- Researchers found that seeing someone yawn makes people more alert to threats
- A previous study found that seeing yawns increased people’s ability to detect snakes.
The reason we yawn has long been a mystery.
But it could be because it helps us avoid harm, a study suggests.
Researchers found that seeing someone yawn makes people more alert to threats.
It is believed that yawning evolved as a signal to the group that one of them is tired. A bystander’s brain becomes more alert to threats to cover for the tired (and therefore more vulnerable) member of the group.
“The group vigilance hypothesis proposes that seeing someone yawn should trigger neurocognitive changes to enhance the observer’s vigilance as a means of compensating for the yawner’s reduced alertness,” the SUNY Polytechnic Institute researchers said.
It is believed that yawning evolved as a signal to the group that one of them is tired, alerting other people.
“The tendency to be attuned to and affected by the yawns of others may have evolved because of the result this had in improving survival within groups.”
For the study, they investigated whether seeing others yawn improved the detection of lions, which would likely have been a recurring threat to human survival throughout evolutionary history, compared to impalas, a type of antelope, which would not have represented a danger to our ancestors.
The researchers, whose findings are published in the journal Evolutionary Behavioral Sciences, tested 27 people.
First, they showed them videos of people yawning or with neutral expressions. Then, in random order, they were repeatedly shown images of a lion or an impala in an array of other distractor images and asked them to find the target animal.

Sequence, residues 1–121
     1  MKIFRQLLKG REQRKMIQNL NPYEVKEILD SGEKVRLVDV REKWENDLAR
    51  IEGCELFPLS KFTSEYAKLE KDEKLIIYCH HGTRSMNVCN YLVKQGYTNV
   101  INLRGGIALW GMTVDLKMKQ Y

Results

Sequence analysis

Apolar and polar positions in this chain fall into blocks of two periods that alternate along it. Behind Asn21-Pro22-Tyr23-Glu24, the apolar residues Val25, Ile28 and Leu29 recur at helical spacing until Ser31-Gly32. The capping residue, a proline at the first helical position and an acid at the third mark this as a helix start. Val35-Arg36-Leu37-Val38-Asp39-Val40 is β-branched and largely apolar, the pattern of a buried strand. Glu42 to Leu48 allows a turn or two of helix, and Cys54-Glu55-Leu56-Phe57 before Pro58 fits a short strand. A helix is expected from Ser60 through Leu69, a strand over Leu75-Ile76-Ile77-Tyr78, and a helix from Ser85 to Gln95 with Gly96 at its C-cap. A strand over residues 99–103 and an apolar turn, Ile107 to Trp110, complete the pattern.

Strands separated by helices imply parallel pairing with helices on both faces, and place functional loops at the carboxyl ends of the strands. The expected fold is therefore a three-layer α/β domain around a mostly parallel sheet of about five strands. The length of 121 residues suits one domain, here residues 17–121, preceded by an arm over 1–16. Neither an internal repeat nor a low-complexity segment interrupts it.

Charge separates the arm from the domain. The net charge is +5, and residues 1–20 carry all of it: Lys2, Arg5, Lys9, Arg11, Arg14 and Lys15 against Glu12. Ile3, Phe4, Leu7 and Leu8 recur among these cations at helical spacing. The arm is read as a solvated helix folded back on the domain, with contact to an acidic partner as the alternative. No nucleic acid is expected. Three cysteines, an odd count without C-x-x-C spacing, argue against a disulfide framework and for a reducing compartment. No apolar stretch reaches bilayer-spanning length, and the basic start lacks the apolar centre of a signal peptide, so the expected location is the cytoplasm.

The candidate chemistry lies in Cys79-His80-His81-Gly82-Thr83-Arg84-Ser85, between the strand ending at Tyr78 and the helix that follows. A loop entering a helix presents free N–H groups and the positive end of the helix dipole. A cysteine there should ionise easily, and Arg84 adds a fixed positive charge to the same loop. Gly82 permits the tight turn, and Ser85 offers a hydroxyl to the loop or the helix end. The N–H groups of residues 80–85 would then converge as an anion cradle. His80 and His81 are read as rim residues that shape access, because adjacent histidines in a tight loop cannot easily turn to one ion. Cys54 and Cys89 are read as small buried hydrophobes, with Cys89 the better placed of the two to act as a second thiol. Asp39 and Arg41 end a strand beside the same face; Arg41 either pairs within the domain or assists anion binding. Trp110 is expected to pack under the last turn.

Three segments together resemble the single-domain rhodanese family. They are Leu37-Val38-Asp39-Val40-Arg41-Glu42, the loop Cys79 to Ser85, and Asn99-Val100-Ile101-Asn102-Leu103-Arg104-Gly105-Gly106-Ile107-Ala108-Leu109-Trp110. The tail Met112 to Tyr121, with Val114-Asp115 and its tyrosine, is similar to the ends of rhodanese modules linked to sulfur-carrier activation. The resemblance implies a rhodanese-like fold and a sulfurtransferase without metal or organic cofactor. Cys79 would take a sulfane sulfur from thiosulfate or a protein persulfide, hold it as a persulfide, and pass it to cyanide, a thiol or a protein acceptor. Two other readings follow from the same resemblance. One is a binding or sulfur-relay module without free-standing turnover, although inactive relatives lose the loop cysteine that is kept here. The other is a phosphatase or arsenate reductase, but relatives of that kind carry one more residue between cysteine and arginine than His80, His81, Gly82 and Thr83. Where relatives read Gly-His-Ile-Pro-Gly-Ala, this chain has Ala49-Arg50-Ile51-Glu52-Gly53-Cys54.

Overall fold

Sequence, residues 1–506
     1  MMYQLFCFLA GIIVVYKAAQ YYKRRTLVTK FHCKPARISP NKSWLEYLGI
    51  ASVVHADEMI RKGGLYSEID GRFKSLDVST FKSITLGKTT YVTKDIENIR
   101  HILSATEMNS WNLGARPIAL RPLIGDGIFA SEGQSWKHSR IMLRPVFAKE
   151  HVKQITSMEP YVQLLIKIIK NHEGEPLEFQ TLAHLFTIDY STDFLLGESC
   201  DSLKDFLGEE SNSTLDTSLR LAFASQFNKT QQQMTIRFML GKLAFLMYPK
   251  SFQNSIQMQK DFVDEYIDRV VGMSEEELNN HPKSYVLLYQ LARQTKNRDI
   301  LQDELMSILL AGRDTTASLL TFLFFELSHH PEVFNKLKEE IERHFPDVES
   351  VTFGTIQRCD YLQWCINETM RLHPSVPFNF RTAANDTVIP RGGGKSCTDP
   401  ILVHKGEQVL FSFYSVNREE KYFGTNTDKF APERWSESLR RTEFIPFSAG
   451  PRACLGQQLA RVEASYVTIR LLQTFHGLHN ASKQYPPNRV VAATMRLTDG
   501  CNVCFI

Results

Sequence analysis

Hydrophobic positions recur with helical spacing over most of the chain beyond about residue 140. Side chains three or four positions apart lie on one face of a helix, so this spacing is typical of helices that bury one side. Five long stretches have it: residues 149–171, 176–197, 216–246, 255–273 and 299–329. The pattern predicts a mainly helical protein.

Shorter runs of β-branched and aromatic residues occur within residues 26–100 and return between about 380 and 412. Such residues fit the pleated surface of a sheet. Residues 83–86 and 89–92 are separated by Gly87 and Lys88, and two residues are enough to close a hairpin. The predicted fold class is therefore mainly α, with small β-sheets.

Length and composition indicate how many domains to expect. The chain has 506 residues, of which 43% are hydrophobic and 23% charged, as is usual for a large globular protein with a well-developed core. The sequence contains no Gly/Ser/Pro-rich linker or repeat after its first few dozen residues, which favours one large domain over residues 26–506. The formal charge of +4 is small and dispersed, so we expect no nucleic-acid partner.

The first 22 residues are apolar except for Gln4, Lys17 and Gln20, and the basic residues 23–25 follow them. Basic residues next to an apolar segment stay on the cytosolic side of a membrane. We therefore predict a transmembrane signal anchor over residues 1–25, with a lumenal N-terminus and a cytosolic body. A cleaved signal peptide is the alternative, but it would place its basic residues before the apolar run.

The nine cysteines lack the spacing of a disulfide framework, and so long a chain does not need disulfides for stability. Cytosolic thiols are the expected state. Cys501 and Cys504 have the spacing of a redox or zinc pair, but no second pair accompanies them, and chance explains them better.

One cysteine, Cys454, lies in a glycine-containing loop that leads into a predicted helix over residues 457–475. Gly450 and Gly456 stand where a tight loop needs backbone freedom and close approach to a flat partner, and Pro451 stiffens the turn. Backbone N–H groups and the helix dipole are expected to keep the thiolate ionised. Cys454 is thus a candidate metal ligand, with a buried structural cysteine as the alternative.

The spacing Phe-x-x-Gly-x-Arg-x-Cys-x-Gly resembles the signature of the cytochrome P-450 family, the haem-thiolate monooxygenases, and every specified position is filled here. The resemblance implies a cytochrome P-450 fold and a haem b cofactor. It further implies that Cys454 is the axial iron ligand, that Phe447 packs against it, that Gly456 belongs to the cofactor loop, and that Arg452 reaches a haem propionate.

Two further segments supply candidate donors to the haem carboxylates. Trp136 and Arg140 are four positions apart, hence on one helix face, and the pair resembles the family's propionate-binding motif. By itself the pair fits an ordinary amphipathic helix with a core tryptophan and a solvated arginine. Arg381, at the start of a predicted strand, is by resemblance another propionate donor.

“After exposure to people who yawned, participants detected lions more quickly and searched for impalas more slowly,” the researchers said.
A previous study by the same university found that seeing people yawn increased their ability to detect snakes.
By replicating the study with a different animal, the team was able to show that the effect was not just specific to snakes, but in different contexts.
A previous study from the same university found that seeing people yawn increased their ability to detect snakes.
Dr Andrew Gallup, who was involved in both studies, said: “Replications are important to ensure that the original findings are not spurious or due to chance events or statistical anomalies.”
“When we are able to replicate previous experiments, as we have done here, we gain confidence that the findings represent true effects.
“In this case, we also wanted to replicate the previous study to ensure that the effects observed in the original study were not due to the specific type of stimulus used (i.e. snakes).
“By performing a conceptual replication, we show that watching other people yawn improves threat detection, that is, improves vigilance, in different contexts.”